Renovated Capitol a sight to see
After 13 years of fences, construction zones and dust, the crane has come down and the doors have opened to the newly renovated Kansas State Capitol. As we celebrated Kansas' 153rd birthday, Gov. Sam Brownback dedicated the restored state Capitol featuring the newest addition, the Visitors Center.
As the gateway to the Capitol building, the Visitors Center now is the central hub for guests. It features a number of amenities, including a larger Capitol Gift Store, a classroom, auditorium, tour desk and a number of exhibits. The center is a great place for school children and families to engage in interactive learning about our state's history and the people who have worked tirelessly to continue to make Kansas a great state. As Brownback said in his dedication speech, "This is a monument to the people of the state who made it to the stars through difficulty."
The renovations are breath-taking, and it is my hope every Kansan will make the trip to see this spectacular landmark. As you make plans to visit Topeka, feel free to contact my office to assist in arrangements for tours at the Capitol building. We now feature eight different one-hour tours focusing on various aspects of the building, so I encourage you to learn all you can about our state's unique history -- and enjoy this beautiful symbol of our ongoing legacy.
Aside from celebrating our Kansas history, the Senate continued to focus on a number of items being vetted in committees. One notable piece of legislation introduced this week was SB 305, which shifts capital improvement dollars, approved by local voters, for bond issues into the state's equalization assistance for local option budgets. Shifting the state funds for buildings into the LOB equalization would focus less on building construction and more on classroom instruction. School districts will continue to receive state assistance to repay bonds; however, bonds approved after July 1, 2014, no longer will be eligible for similar state aid. LOB also provides local communities with the opportunity to lower property taxes by adding these state dollars to the fund.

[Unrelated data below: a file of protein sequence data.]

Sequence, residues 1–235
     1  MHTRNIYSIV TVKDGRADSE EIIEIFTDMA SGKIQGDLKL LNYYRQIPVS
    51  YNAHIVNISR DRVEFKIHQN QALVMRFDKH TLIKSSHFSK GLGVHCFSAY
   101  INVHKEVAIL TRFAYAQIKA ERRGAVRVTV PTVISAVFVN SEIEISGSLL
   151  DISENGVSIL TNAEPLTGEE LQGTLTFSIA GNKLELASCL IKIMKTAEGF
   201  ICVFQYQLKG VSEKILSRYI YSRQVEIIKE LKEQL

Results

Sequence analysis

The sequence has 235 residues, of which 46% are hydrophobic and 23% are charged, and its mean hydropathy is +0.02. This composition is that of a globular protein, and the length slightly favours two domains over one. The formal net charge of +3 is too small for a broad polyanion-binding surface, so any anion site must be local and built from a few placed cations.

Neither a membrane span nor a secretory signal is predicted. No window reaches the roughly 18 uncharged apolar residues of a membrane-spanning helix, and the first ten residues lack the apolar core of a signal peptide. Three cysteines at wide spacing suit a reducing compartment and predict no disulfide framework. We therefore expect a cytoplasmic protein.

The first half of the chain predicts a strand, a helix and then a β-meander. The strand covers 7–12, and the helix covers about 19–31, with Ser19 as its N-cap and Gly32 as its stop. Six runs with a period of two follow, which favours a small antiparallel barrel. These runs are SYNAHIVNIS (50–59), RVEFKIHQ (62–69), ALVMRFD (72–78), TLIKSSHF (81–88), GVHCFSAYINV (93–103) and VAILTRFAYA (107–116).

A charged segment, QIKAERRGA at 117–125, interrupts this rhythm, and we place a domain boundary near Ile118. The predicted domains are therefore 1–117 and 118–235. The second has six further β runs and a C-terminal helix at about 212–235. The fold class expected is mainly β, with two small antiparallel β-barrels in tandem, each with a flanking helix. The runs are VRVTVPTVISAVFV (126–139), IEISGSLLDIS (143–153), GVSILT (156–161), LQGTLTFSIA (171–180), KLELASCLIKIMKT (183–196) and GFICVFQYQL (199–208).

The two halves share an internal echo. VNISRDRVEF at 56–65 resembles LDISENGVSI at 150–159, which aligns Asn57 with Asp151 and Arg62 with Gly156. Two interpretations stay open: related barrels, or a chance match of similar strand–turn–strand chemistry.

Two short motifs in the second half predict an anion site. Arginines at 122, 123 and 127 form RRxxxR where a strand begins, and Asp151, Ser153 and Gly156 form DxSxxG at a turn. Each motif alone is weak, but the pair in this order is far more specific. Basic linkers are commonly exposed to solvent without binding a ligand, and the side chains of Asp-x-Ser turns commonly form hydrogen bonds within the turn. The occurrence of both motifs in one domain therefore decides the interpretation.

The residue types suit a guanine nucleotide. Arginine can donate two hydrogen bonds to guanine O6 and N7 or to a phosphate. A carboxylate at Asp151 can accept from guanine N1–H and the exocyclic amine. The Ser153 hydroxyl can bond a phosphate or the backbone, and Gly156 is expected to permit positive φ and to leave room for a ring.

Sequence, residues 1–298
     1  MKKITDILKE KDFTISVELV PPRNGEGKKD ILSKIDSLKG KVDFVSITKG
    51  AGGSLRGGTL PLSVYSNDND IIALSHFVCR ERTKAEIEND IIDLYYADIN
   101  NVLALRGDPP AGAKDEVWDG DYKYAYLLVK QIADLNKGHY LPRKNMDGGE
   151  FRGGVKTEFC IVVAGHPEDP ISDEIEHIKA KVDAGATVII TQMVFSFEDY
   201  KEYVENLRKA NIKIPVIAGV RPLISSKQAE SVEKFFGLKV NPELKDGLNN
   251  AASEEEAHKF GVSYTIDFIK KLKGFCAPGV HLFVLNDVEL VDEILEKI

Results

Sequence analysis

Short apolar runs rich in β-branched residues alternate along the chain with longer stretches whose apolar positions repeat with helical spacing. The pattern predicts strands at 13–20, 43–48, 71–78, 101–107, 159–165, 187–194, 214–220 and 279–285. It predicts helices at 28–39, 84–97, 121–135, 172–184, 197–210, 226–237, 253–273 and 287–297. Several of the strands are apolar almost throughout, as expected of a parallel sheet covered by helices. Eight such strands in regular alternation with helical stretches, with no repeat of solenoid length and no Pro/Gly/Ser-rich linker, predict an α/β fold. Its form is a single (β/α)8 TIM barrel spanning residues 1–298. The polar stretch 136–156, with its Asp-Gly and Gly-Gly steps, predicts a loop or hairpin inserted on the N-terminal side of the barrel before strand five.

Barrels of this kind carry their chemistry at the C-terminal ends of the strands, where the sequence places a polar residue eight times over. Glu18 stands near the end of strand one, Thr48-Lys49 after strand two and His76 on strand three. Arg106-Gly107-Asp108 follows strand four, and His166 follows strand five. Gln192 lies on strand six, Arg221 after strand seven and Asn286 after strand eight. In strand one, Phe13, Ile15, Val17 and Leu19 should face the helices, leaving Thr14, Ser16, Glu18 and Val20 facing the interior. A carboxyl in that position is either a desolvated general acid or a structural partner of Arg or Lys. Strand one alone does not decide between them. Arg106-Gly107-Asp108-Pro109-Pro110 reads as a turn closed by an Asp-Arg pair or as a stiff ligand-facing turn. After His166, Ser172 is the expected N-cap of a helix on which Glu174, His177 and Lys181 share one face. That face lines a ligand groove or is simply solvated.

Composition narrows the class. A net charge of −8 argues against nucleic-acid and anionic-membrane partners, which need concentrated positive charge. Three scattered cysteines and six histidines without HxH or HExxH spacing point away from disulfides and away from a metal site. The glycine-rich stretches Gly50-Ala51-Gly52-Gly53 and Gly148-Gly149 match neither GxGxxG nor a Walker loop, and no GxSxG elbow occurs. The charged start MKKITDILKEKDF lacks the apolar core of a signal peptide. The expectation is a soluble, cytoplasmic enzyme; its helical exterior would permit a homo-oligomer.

Hearings also began this week on SB 298 in Senate Assessment and Taxation Committee. The measure would eliminate the Kansas mortgage registration fee. Why is this important? The fee cost real estate buyers seeking financing through local financial institutions millions of dollars each year. The mortgage taxed by counties far exceeds the county's costs for recording the mortgage. Proponents of the bill said the mortgage registration fee puts home and business buyers who have to finance their purchases at an unfair disadvantage to cash buyers who don't use traditional mortgages, as well as those using Farm Credit services. County officials, opponents of the bill, said the registration fee provides approximately $47 million in revenue to their general budget, and therefore triggers property tax increases to replace the county revenue. A general theme amongst counties blames the state for its high property taxes. Representatives from the Kansas Association of Realtors, however, offered testimony noting local governments have raised property taxes at an average of 7.11 percent per year during the last 11 years -- far outpacing this, or any other, state tax increases.
As the tax committee continues to debate, and as SB 298 moves through the process, I'll keep you updated on its status.
An important issue for rural Kansans, the governor this week announced action to minimize effects of a propane shortage. As propane levels in the Midwest are at record lows, more than 1,400 Kansans are at risk of going without their primary heating source. In response, the governor has taken several actions to protect Kansans. For a full description, visit governor.ks.gov or call (785) 368-8500. The Senate Utilities Committee also will have an information hearing on the availability and prices of the gas as the costs have spiked in the past two months, rising 28 percent nationally, according to the U.S. Energy Information Administration. If you or someone you know is in danger as a result of this evolving crisis, make me aware, and I will be happy to assist in seeking relief.
Sen. Ralph Ostmeyer, R-Grinnell, represents the 40th District.